Still I got a few shots... and the message is, "Don't leave home without it"! You never know...

Not a great shot, couldn't get close enough and the lighting wasn't great. This was about half a frame. Mom and the kiddies. Actually it's probably Dad because the adult actually looks smaller than the juveniles and males are generally smaller than the females.

Of course the deer are so curious that even though I startled them, this guy came back to see what the fuss was about! Since they shed their antlers in the winter, I can't tell whether this is a buck or a doe but I suspect it's a male because my impression was that it was bigger and healthier than the others in the herd. Also I think he was leading them.

I used Impression (Impasto, brush 14 if anyone cares) on the deer and the background. I masked out the brush effect on the snow and burned in the slight shadows to give it a more realistic look. 
'til next week!

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Sunday, January 18, 2015

Musical Interlude

Thought for the day
   by Tim Churcher on Facebook Photoshop and Lightroom Group, with permission
"Art is self-expression through making your own artistic decisions, as soon as you hand those decisions over to someone else, it ceases to be art and becomes painting by numbers. Making your own artistic choices is essential to developing as an artist, it is infinitely better to make your own mistakes than follow the 'correct' choices of other people. So if you have an artistic decision to make, you are the only one who can decide, if someone else does, it is no longer your art."
Tim was responding to an ongoing (to me, annoying) trend on the above-mentioned group, where people ask, "is this better in black and white or colour..." (dozens of times every day). I was trying to find a way of saying, "Dude, what does your vision tell you? What you think, is more important than what someone else thinks". I think he hit the nail on the head.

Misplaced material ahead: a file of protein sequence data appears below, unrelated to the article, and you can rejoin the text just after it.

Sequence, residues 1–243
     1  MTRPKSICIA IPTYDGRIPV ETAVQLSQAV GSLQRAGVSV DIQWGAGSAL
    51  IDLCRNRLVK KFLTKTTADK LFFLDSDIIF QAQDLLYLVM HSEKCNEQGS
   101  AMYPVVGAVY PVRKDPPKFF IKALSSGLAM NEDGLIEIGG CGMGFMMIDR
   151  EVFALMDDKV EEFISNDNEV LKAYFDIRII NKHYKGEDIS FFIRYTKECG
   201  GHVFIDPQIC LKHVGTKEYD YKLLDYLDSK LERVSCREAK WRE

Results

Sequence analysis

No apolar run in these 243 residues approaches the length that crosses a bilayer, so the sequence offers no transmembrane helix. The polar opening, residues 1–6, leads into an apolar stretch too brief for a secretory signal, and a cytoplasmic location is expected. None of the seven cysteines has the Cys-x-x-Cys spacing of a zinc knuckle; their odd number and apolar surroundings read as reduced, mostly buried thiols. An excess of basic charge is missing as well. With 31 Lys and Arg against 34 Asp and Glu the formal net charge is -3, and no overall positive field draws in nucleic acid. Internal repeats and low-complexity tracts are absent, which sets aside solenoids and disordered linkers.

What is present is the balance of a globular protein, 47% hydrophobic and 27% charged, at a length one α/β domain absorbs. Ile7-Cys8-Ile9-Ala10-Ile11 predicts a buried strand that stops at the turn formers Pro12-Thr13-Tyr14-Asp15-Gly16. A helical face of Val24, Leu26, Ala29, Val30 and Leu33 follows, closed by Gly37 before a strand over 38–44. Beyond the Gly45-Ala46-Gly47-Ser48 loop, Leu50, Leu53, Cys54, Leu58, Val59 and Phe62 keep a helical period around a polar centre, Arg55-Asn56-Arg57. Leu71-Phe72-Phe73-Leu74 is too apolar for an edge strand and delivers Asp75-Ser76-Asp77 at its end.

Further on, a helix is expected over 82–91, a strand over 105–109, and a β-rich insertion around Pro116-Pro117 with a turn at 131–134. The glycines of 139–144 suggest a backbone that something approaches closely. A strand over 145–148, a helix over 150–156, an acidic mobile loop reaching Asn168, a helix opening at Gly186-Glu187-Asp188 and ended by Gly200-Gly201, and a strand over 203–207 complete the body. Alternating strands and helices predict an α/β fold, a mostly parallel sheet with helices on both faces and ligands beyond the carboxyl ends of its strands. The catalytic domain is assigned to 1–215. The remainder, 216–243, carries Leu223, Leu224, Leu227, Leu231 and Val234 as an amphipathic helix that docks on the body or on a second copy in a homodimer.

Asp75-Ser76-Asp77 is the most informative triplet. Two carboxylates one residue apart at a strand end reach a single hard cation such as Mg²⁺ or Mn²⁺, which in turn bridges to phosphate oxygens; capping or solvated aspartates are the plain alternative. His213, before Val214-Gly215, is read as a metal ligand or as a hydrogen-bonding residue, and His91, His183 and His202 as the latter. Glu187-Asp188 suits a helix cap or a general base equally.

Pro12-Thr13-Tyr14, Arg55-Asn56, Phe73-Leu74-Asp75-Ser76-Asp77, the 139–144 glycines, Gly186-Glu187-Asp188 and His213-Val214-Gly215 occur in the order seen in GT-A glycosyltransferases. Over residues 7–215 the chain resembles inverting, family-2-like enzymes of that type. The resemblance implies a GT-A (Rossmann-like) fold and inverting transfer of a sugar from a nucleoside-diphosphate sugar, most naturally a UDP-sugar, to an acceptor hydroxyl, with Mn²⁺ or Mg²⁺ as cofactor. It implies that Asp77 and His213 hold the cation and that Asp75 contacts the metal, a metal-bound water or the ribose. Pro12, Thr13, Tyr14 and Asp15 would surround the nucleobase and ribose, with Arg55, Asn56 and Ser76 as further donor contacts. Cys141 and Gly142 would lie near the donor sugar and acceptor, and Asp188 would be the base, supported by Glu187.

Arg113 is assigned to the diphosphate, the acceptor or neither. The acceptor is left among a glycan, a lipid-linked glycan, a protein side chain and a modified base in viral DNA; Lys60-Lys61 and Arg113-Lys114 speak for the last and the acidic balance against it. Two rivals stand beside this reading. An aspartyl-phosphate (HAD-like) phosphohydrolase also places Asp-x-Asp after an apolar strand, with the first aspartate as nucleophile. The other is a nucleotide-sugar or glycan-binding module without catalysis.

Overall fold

The other annoying thing to me on that group is the frequent plea, "what's the difference between Lightroom and Photoshop", or "I don't want to rent the software, where's the best place to buy Photoshop?", or "can someone tell me how Lightroom works". I've learned to simply scroll past those threads. They've now banned basic photography questions ("which camera should I buy...") but with close to 100,000 members there's a lot of traffic on the group. Check it out, though, if you're on FaceBook. It's a good resource, for Photoshop users of any level.


File storage
I just read a thread on Facebook where someone complained that there was no CD/DVD drive on their new computer. I'm pretty sure there's no floppy disk drive either... and I got to thinking about my archives of images going back 10 years or more, on CD and later, DVD. Even worse, my old company stuff (when I was in the desktop publishing business) is on 100Mb Zip drives. Haven't seen one of those in years!
Where's file storage going to be 5 or 10 years from now? Unless you diligently update your file storage to current technology, then do it again every few years, nobody is going to be able to ever retrieve or see your images. And yet, you can still see Leonardo da Vinci's pencil sketches from the 15th century and prehistoric cave paintings... what does that say about the disposable society in which we live today?